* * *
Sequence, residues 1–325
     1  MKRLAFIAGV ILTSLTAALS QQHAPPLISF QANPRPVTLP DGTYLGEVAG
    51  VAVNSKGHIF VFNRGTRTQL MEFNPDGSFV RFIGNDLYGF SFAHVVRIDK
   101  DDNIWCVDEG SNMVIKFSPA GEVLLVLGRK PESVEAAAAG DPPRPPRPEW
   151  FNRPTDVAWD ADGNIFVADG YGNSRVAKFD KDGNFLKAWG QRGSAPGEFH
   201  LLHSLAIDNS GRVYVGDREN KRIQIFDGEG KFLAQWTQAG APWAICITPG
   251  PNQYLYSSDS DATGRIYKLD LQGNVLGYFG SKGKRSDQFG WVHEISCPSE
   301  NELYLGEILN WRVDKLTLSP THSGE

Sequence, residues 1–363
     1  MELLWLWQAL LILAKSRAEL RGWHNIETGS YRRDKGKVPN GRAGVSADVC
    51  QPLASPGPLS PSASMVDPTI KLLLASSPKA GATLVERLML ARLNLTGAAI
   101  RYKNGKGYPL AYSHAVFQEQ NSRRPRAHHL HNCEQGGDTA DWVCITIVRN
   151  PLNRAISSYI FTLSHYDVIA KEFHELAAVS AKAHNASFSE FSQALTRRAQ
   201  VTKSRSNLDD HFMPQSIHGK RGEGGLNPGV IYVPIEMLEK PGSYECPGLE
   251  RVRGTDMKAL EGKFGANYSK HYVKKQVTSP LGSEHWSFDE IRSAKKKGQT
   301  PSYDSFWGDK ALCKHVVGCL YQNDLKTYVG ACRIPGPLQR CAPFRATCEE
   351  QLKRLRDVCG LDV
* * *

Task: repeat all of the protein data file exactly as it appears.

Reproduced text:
Sequence, residues 1–325
     1  MKRLAFIAGV ILTSLTAALS QQHAPPLISF QANPRPVTLP DGTYLGEVAG
    51  VAVNSKGHIF VFNRGTRTQL MEFNPDGSFV RFIGNDLYGF SFAHVVRIDK
   101  DDNIWCVDEG SNMVIKFSPA GEVLLVLGRK PESVEAAAAG DPPRPPRPEW
   151  FNRPTDVAWD ADGNIFVADG YGNSRVAKFD KDGNFLKAWG QRGSAPGEFH
   201  LLHSLAIDNS GRVYVGDREN KRIQIFDGEG KFLAQWTQAG APWAICITPG
   251  PNQYLYSSDS DATGRIYKLD LQGNVLGYFG SKGKRSDQFG WVHEISCPSE
   301  NELYLGEILN WRVDKLTLSP THSGE

Sequence, residues 1–363
     1  MELLWLWQAL LILAKSRAEL RGWHNIETGS YRRDKGKVPN GRAGVSADVC
    51  QPLASPGPLS PSASMVDPTI KLLLASSPKA GATLVERLML ARLNLTGAAI
   101  RYKNGKGYPL AYSHAVFQEQ NSRRPRAHHL HNCEQGGDTA DWVCITIVRN
   151  PLNRAISSYI FTLSHYDVIA KEFHELAAVS AKAHNASFSE FSQALTRRAQ
   201  VTKSRSNLDD HFMPQSIHGK RGEGGLNPGV IYVPIEMLEK PGSYECPGLE
   251  RVRGTDMKAL EGKFGANYSK HYVKKQVTSP LGSEHWSFDE IRSAKKKGQT
   301  PSYDSFWGDK ALCKHVVGCL YQNDLKTYVG ACRIPGPLQR CAPFRATCEE
   351  QLKRLRDVCG LDV